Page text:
When we bought a house, we checked the bus schedules. They are not classified state secrets, they are published. We took the buses to see if the schedules were fact or fiction--a very real problem in many areas. We checked out bicycle commute routes. I nixed neighborhoods that Mark preferred because I wasn't willing to bike so many hills on the way to work every day. (We also looked at school districts but that's too long of an aside.)

When we found we could not afford a house that we liked in an area that we liked, we looked at townhouses. After bidding on 3, we finally won a bidding war (even though we were not the highest bidder).


  1. Anonymous17:48

    Here's my L.A. experience: When I moved here for personal reasons, I applied for a job with a company that had its main office downtown and a branch in Chatsworth. My Personal Reason's workplace happened to be in Chatsworth. I held out for a job at the Chatsworth office of the company I was hoping to hire on with, and a year after landing a job there, we bought a house in Chatsworth that was about a mile from each of our workplaces.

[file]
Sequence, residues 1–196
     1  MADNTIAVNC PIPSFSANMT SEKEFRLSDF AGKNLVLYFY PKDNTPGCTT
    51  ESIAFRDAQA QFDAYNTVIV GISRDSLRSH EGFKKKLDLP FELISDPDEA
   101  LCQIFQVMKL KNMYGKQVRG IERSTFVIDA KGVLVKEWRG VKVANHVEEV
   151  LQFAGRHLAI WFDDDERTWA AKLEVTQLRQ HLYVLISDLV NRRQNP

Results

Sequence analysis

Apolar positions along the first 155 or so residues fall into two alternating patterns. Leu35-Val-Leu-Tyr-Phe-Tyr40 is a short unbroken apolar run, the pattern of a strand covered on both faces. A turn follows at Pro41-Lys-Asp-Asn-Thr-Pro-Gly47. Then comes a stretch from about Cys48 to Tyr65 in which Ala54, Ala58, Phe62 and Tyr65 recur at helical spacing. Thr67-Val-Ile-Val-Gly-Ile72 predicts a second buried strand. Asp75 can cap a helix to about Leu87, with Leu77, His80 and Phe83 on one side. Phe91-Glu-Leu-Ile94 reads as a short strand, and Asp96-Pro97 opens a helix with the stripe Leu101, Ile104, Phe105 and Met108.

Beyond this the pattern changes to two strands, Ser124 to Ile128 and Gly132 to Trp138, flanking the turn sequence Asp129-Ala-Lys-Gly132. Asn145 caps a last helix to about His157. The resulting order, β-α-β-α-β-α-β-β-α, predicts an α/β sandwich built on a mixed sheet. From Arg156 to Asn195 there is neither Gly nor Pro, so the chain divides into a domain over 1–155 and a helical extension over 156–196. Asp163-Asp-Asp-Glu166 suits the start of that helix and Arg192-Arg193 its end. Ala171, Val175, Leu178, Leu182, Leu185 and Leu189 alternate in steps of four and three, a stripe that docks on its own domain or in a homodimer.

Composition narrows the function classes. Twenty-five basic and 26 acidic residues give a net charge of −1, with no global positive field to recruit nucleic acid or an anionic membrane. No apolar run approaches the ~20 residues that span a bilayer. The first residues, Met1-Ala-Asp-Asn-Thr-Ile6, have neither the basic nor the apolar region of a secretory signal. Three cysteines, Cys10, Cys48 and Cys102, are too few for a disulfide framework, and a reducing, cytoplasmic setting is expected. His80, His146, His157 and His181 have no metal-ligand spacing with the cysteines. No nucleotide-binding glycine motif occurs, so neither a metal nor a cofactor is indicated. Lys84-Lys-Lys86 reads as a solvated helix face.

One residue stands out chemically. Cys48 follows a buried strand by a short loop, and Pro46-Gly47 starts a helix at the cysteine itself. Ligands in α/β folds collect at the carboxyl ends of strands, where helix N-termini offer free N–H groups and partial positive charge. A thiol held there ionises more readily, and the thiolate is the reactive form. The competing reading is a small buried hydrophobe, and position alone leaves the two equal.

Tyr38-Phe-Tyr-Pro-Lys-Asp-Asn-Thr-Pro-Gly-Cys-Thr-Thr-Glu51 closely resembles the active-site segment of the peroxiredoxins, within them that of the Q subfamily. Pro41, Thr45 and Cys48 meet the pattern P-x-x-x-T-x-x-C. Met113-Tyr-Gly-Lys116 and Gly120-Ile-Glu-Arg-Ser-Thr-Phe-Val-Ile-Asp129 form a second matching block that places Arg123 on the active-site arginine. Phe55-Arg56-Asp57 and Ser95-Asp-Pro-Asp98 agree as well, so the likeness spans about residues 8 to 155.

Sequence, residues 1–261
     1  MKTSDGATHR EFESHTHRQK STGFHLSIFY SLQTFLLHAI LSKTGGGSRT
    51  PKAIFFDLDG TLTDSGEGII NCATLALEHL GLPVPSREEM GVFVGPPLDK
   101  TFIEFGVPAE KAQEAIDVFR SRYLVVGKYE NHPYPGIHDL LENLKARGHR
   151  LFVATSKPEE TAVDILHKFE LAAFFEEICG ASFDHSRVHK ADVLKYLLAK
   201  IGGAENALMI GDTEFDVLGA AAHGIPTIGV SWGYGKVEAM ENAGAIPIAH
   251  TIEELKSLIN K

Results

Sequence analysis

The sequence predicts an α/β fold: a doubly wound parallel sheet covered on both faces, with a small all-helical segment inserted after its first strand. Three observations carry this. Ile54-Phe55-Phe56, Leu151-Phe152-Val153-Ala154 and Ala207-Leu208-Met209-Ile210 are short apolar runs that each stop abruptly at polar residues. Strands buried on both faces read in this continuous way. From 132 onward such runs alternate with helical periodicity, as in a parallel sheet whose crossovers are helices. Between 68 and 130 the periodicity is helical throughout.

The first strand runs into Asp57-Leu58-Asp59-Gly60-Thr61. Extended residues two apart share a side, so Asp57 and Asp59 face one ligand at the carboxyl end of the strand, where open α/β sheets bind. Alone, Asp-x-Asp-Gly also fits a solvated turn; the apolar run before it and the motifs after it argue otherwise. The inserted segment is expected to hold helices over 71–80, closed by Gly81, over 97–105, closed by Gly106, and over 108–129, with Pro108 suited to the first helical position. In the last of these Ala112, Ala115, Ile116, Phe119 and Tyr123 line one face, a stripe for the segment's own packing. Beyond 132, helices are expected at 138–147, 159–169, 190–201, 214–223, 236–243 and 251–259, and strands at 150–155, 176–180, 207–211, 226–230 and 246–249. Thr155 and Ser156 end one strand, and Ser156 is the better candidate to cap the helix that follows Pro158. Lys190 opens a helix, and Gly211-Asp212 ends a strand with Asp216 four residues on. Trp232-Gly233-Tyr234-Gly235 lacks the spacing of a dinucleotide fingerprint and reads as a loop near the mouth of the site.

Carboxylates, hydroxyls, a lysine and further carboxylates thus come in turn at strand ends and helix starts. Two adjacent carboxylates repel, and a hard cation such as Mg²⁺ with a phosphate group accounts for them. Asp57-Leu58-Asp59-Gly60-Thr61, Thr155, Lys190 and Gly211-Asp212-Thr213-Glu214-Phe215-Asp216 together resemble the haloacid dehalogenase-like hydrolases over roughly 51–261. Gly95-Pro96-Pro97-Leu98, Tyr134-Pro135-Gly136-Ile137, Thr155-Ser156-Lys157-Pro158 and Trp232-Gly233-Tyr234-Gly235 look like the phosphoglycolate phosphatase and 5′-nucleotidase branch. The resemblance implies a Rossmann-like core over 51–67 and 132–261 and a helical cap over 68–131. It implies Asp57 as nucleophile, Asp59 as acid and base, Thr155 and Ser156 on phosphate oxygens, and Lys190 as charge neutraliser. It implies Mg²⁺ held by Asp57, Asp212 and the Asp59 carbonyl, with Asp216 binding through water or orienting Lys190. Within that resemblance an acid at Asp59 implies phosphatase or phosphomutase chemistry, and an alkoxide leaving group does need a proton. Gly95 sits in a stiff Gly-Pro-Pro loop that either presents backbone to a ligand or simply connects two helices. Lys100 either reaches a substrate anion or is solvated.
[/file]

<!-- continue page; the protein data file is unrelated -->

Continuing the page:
Eight years later my company closed and sold its Chatsworth office and transferred me downtown. My commute went from 3 minutes one way (most of that sitting at a traffic light) to a minimum of 48 minutes one way.

    Buses would take 4 hours one way. When gas hit $3.75, I started taking the Orange Line and Red Line (even though my 16-year-old Honda Civic averages 35 mpg). Door to door, this trip takes me (so far) between 92 and 110 minutes EACH WAY.

    And don't forget, bus lines can change. The MTA has cancelled many outright in the 10 years I've lived here, and I've heard that others are on the chopping block.

    But I should cheer up, because I'm likely to lose my job soon anyway because my company is crashing.

    (That was sarcasm. It's a far better fate for me to waste shocking amounts of time commuting than to lose my job, because I have become unre-employable. Also, the first month of my public transit commute allowed me to read "Guns, Germs and Steel." I look forward to more reading while riding.)

  2. Oooh, you have every right to be angry.